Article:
Friday, October 30, 2015

Interest And Recognition Can Help A Student Become A ‘Math Person’

In a new study published in the journal Child Development, Florida International University Professor Zahra Hazari found that interest and recognition can help a student become a "math person" and pursue a STEM career.

Math isn't exactly every student's favorite subject, but those who have an affinity for it aren't necessarily born a "math person," as one might think.
"Much of becoming a 'math person' and pursuing a related STEM (science, technology, engineering or math) career has to do with being recognized and becoming interested - not just being able to do it," said Hazari, who specializes in STEM Education at FIU's College of Education and STEM Transformation Institute, according to the NEA blog. "This is important for promoting math education for everyone since it is not just about confidence and performance."
Hazari, who worked with colleagues Jennifer D. Cribbs from Western Kentucky University, and Philip M. Sadler and Gerhard Sonnert, both from Harvard University suggests that interest and recognition are key factors that can help students develop math skills.
The study, "Establishing an Explanatory Model for Mathematics Identity," suggests that students who feel confident in the subject won't necessarily become engaged in it, as previous studies have suggested.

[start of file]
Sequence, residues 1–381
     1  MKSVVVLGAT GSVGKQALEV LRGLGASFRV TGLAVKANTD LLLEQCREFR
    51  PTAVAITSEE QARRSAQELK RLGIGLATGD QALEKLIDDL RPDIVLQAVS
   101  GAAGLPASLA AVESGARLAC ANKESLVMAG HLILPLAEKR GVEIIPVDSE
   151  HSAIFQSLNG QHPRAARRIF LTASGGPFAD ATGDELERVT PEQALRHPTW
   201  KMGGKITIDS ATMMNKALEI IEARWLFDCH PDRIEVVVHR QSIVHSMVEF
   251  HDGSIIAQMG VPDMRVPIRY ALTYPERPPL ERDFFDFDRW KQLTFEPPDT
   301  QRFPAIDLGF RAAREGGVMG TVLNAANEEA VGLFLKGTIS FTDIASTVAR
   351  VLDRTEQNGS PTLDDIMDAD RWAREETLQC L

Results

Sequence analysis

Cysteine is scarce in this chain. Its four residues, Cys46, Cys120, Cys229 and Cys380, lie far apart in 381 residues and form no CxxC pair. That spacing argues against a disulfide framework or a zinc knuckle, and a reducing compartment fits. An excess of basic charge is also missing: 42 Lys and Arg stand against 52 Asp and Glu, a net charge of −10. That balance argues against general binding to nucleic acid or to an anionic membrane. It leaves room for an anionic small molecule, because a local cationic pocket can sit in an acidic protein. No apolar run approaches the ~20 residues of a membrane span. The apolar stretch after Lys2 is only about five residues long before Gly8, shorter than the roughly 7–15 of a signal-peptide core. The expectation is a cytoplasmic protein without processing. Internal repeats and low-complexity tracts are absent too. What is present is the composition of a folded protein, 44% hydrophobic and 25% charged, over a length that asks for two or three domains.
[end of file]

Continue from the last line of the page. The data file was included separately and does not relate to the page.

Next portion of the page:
The team surveyed more than 9,000 college calculus students from across the country. They found that students in the high-level course wanted to pursue math mainly because they'd received recognition for their abilities and also found it interesting.
In the survey, students were asked if they thought parents, friends, relatives, and math teachers saw them as a "math person."
Those who responded "yes" were classified as feeling recognized.
In other words, what motivates a student to pursue a career in STEM and encourages them to continue along this path is interest, recognition, and engagement.
"It is surprising that a student who becomes confident in his math abilities will not necessarily develop a math identity," Hazari said. "We really have to engage students in more meaningful ways through their own interests and help them overcome challenges and recognize them for doing so. If we want to empower students and provide access to STEM careers, it can't just be about confidence and performance. Attitudes and personal motivation matters immensely."
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